Öğretmen görüşleri açısından okul müdürlerinin öğretimsel liderlik davranışları
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CitationTaşdelen, T. Y., Aküzüm, C., Tan, Ç. ve Uçar, M. B. (2015). Öğretmen görüşleri açısından okul müdürlerinin öğretimsel liderlik davranışları. Turkish Studies (Elektronik), 10(3), 1-26.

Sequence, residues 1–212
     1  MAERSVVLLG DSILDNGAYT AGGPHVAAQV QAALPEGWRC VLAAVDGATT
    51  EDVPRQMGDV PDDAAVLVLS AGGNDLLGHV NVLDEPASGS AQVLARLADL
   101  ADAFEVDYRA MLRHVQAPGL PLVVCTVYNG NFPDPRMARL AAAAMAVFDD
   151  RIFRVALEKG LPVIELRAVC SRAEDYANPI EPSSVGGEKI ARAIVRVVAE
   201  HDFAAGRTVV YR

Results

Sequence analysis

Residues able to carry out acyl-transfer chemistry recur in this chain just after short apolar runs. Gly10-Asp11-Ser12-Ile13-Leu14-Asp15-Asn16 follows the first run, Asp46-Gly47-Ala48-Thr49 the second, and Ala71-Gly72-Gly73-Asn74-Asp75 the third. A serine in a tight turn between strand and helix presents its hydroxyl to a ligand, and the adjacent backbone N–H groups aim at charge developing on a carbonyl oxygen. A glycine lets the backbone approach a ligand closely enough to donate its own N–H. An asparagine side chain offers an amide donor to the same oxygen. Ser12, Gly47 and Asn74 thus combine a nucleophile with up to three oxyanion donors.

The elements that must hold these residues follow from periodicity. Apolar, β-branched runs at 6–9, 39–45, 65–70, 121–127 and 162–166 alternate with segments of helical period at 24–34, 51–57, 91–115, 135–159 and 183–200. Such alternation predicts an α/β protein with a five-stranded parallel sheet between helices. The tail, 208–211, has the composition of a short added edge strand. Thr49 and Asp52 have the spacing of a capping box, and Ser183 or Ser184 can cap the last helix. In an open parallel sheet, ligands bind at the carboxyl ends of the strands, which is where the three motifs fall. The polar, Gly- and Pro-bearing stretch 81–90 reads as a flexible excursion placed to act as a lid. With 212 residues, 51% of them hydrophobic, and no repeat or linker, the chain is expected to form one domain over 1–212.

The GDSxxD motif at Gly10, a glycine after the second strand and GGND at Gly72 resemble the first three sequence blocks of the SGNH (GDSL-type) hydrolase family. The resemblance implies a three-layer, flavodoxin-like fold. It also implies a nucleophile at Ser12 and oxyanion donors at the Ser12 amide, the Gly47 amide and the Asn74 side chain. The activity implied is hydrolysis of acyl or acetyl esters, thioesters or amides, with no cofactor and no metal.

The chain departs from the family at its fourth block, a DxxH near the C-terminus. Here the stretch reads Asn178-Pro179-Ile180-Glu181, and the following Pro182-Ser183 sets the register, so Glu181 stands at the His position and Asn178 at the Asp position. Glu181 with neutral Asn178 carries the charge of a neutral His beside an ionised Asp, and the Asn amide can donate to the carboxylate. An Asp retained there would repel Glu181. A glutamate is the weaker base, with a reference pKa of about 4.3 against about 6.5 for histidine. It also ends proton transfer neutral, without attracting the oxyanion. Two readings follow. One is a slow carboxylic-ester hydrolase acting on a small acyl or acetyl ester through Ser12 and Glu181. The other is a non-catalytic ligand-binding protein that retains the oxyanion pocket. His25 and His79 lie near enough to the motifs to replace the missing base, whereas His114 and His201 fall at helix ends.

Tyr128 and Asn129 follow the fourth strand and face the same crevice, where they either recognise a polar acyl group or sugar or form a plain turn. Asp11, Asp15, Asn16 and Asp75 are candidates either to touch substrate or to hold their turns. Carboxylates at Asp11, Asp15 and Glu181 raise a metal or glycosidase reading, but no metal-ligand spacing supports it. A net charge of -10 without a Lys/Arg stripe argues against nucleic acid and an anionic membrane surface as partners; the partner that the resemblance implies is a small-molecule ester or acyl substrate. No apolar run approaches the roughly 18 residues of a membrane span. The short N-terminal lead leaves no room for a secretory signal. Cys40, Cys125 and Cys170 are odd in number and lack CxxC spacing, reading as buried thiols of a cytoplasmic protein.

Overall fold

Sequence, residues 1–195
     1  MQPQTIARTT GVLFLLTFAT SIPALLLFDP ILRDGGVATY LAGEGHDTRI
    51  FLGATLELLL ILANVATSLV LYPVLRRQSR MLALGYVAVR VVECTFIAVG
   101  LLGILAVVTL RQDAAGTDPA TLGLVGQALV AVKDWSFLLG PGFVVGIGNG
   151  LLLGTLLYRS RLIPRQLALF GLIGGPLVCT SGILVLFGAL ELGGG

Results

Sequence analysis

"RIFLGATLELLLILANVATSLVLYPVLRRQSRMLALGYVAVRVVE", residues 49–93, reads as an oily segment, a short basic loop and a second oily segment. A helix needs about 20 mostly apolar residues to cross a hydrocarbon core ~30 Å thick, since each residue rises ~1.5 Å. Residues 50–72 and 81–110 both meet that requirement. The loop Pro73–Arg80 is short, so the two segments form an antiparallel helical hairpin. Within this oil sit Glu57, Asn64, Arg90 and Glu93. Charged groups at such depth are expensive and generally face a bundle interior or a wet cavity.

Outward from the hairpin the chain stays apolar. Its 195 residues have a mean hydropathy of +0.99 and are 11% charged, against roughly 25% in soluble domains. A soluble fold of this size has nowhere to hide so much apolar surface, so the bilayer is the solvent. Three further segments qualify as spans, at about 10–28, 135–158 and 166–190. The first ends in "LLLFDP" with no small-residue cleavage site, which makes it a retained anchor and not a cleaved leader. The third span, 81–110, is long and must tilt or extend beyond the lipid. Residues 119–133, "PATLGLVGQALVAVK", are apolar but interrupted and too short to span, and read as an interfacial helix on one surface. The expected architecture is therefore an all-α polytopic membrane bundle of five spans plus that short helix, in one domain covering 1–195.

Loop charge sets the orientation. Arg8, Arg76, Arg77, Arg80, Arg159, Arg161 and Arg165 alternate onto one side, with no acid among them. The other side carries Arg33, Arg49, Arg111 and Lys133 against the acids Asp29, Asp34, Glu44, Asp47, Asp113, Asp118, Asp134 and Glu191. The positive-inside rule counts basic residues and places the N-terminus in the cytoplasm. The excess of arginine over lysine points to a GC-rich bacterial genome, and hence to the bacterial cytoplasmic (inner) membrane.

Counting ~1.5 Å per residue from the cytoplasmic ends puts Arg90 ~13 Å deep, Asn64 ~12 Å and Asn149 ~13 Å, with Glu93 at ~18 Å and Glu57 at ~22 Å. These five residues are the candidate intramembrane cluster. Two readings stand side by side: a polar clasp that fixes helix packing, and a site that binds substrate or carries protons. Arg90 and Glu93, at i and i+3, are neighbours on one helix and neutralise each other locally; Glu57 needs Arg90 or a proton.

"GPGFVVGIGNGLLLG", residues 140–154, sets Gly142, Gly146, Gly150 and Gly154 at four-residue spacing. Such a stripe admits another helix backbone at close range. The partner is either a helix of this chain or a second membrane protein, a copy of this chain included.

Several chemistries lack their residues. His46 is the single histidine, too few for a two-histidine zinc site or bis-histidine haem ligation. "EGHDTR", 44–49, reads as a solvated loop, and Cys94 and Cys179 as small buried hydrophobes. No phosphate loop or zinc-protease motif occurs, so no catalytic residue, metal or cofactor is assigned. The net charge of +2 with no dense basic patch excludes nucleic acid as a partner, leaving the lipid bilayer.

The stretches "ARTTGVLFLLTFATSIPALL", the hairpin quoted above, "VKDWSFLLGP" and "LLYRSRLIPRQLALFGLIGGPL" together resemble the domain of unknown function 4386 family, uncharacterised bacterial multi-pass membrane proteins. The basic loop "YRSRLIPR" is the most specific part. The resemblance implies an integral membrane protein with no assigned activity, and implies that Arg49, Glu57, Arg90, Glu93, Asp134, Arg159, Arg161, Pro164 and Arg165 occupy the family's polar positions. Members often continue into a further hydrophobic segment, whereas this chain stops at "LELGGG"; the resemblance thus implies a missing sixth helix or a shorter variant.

Öz:Günümüzde liderlik, üzerinde en çok tartışılan konulardan biridir. Liderliğin çeşitli türlerine yönelik yoğun araştırmalar sürmektedir. Öğretim liderliği de bu çalışma konularından biridir ve önemli bir liderlik boyutudur. Öğretimsel liderlik, okulun öğrenci başarısını arttırmak için müdürün bizzat kendisinin gösterdiği ya da başkaları tarafından gösterilmesini sağladığı davranışlar olarak tanımlanmaktadır. Öğretimsel liderlik, kavramsal düzeyde her okul müdürünün anahtar rolünün odak noktasına göre bir dereceye kadar farklılaştığını göstermektedir. Bu anahtar roller, "okul etkililiğini geliştirme, okul değişimini kolaylaştırma, öğretmenlik mesleğini geliştirme ve öğrenci çıktısının gelişimine odaklanma" şeklinde sıralanmaktadır. Bu durum, öğretimsel liderliğin okul kültürü ve iklimine ve her okulun kendine özgü yapısına göre şekillenebileceğini de akla getirebilir. Bu çerçeve içerisinde bu araştırmanın temel amacı, öğretmen görüşleri açısından, okul müdürlerinin okullarda öğretimsel liderlik davranışlarının ne şekilde ve nasıl belirlendiğini irdelemektir. Nitel araştırma yaklaşımı çerçevesinde tasarlanan araştırmanın çalışma grubunu, Gaziantep Nizip ilçesindeki ilkokul, ortaokul ve liselerde görev yapan 52 öğretmen oluşturmaktadır. Veri toplama aracı olarak, formun nasıl doldurulacağına yönelik yönerge ile katılımcılara ait kişisel bilgilerin yer aldığı ve araştırmacılar tarafından geliştirilen "yarı yapılandırılmış görüşme formu" kullanılmıştır. Görüşme formlarından elde edilen veriler NVivo nitel veri analizi programına aktarılarak içerik analiziyle çözümlenmiştir. Araştırma bulguları, öğretmenler tarafından okul müdürlerinin özellikle "yol gösterme, rehberlik etme, deneyimlerini paylaşma ve öğrenci-öğretmen merkezlilik" gibi olumlu davranışlarının ön plana çıkarıldığını göstermektedir.ABSTRACT: According to some researchers, instructional leadership are described as “educational or pedagogical” leadership while some prefer to say “instructional” (Southworth, 2002). Therefore, these three terms can be utilized interchangeably. To make a definition, McEwan (1994) described instructional leader as a person who has in depth knowledge about educational processes and learning theories, and holds specific goals (Serin, 2011). Similarly, De Bevoise (1984) labelled instructional leadership as a set of behaviors exhibited by school principal itself or someone school principal make to do so. Moreover, instructional leadership was identified as focusing of leadership functions related to learning and teaching (Hallinger & Leithwood, 1998, as cited in du Plessis, 2013: 81), following professional dialogue and discussion (Southworth, 2002). After describing the instructional leadership, following question arises in the context of this study: What behaviors do instructional leadership include? Therefore, “the characteristics and behaviors of instructional leader” may help to the term be more concrete. For instance, Park and Ham (2014: 4) remarked that instructional leadership may vary since it is the focus point of the every school principal’s key role in conceptual level. That is, those roles are “improving school effectiveness”, “facilitating school alteration”, “improving teaching profession”, and “focusing on development of students’ output”. Therefore, it can be conceivable that instructional leadership may be shaped on the basis of school culture, school climate, and school’s specific characteristics. Existed research indicated that there are not so many qualitative studies investigating school principals’ instructional leadership roles and behaviors based on teacher opinions (Blasé & Blasé, 2000; Halverson, et al., 2007; Msila, 2013; Prytula, Noonan, & Hellsten, 2013; Summak & Şahin, 2013; Timperley, 2006). In line with this situation, this study mainly aims to understand how school principals’ instructional leadership behaviors in schools are determined and shaped according to teachers opinions. In addition, the study also propose to scrutinize what teachers observed or experienced as well as problems they come across. With these objectives and (1) three dimensions of instructional leadership which are talking to teachers/conference, encouraging/supporting teachers’ professional development, and fostering/reinforcing teachers’ opinions (Blasé & Blasé, 1998, as cited in Blasé & Blasé, 2004), (2) the dimensions of instructional leadership scale, which are determining and sharing school aims, managing of educational program and teaching process, evaluating of teaching process and students, supporting and improving teachers, and creating regular learning-teaching environment and climate, developed by Şişman (2004), following semi-structured questions were prepared to obtain answers: 1. Can you explain what kind of leadership role your school principal has in the school? 2. In your opinion, what is the role of school principal in structuring your school’s future objectives and missions? How much is school principal effective in this process? What do s/he do? 3. How does your school principal include himself/herself to educational process? (Or what is his/her role in educational process?) 4. How does your school principal effect your teaching process? (in terms of your classroom, students, your educational methods and techniques) 5. What kind of suggestions does you school principal give you about educational process? (Or what does s/he do about this?) 6. How does your school principal make the teacher-student evaluations related to educational process? Method The study group of this study that is designed as qualitative research is constituted from 52 primary, middle, and high school teachers working in Nizip district of Gaziantep province. A guideline explaining how to fill the interview form, a demographic information page, and semi-structured interview form developed by the researchers were given to participants as data collecting tools. Obtained data was analyzed through content analysis with NVivo software. Discussion and Conclusions According to the findings of the study, the school principals’ instructional leadership behaviors were categorized under six themes. Accordingly, the themes of determining school’s aims, managing educational program and teaching process, evaluating of teaching process and students, supporting and improving teachers, and creating regular learning-teaching environment and climate were probed one by one so that school principals’ instructional behaviors were tried to determine. The results showed that the school principals at primary, middle, and high schools were perceived as leading and instructional leader. Especially, the positive themes of “leading, guiding, sharing experiences, student-teacher centeredness” were often repeated and coded. Firstly, in the theme of determining school aims, it was detected “impressing, noticing teacher-student opinions, opening dialogue, leading, motivating, giving confidence and encouragement” as positively; and “behaving apathetic” as negatively. Second, directly observed behaviors in the theme of managing educational program and teachingprocess were reported positively as “visiting the classroom, providing materials, taking into consideration of teachers’ recommendations, presenting practical examples, and inspecting the process”. In terms of indirectly observed behaviors, “leading, sharing experiences, presenting innovative ideas, behaving to encourage the success, holding teacherstudent-centered approach” were formed. Third, the positive codes “making inspection, following the process, providing motivation, sharing original ideas, sharing experiences, guiding, pursuing teacher-studentcentered approach, and organizing working environment” and negative codes “remain ineffective and leaving the control of the process to teacher” were labelled in the evaluating the teaching process and the students theme. In the fourth theme, which was the supporting and improving teachers, “exhibiting positive approach, guiding and diverting, sharing experiences, supporting personal development, collaboration of parents-teachers, and assessing all requests” behaviors were found as contributing suggestion and approach while “giving no recommendations and nitpicking” were reported as behaviors leaving negative impression. Lastly, it was detected in the theme of creating regular learning-teaching environment and climate that “making classroom inspections, general observation on student, classroom, and school, making motivation-strengthening assessment meetings, supporting active teachers and students” positively; and “weakness in assessing style, assessing in only according to exam results such as SBS and TEOG” negatively. The results of this study seems parallel to some previous research related to instructional leadership behaviors. Bhengu and Mkhize (2013) reported five themes that were an invitatory school environment, following and supporting teaching, and increasing teachers’ professional development. These themes are close to the current study’s themes and subthemes. Moreover, motivating, encouraging, leading, and determining aims roles in the second theme were consisted with Şişman’s (2004) items in the dimension of school objectives in instructional leadership. In addition, the findings related to school principals’ behaviors related to instructional leadership show similarity in Blasê and Blasê’s (2004) results in their study, which were walking (becoming visible), intervention/collapsing the class, quitting behaviors, and Hallinger’s (2005) becoming visible in the school of school principals. The negative behaviors of school principals which are remaining ineffective, leaving the control of the process to teacher, giving no recommendations, nitpicking, weakness in assessing style, and assessing in only according to exam results may be considered as hindering behaviors in coming in sight of school principals’ instructional leadership characteristics. Bhengu, Naicker, & Mthiyane (2014) stressed that the reason why school principals are not able to fulfill their instructional leadership roles are resulted from recklessness/carelessness, workload of administrators, inadequate support from shareholders, directing and managing alteration, teacher unionization, and resource shortage. Thus, those negative behaviors obtained from this study’s findings may help to shed light into future studies aiming to overcome the barriers of school principals to fulfill their instructional leadership roles.